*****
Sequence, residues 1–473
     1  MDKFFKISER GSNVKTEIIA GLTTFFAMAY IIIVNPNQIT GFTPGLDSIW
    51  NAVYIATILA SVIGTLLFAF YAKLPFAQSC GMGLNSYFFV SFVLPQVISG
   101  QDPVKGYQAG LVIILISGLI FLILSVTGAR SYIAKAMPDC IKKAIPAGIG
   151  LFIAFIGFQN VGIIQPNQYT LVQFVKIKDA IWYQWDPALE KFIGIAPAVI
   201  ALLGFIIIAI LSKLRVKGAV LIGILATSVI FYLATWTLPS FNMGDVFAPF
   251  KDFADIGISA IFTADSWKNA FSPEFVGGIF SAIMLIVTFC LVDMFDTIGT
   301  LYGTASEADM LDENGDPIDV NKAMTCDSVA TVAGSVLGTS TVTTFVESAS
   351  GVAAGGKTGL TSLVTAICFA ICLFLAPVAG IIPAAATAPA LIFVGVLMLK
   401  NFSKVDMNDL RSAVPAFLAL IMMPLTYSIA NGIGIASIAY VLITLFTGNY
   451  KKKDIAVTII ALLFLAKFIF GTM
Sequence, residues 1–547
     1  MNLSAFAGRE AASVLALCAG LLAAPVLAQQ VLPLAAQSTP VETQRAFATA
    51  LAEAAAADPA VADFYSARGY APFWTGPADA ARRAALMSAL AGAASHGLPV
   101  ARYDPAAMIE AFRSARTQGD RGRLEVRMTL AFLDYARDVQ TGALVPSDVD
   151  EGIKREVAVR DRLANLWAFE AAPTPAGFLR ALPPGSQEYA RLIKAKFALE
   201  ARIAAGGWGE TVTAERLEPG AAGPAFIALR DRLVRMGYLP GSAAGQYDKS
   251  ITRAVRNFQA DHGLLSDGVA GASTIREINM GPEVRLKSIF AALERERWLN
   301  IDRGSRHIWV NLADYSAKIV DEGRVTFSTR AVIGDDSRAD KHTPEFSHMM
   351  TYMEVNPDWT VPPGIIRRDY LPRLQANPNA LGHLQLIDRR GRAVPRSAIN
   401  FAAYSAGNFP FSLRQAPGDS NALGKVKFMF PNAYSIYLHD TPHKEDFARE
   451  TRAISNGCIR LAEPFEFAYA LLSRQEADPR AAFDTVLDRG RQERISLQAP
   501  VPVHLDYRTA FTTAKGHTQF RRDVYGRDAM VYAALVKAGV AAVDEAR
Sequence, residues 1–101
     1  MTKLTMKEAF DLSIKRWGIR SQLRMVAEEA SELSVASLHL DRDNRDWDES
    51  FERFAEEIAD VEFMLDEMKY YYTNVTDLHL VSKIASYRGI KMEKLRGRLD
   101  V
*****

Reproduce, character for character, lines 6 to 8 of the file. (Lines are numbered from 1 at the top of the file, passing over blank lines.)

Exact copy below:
   201  ALLGFIIIAI LSKLRVKGAV LIGILATSVI FYLATWTLPS FNMGDVFAPF
   251  KDFADIGISA IFTADSWKNA FSPEFVGGIF SAIMLIVTFC LVDMFDTIGT
   301  LYGTASEADM LDENGDPIDV NKAMTCDSVA TVAGSVLGTS TVTTFVESAS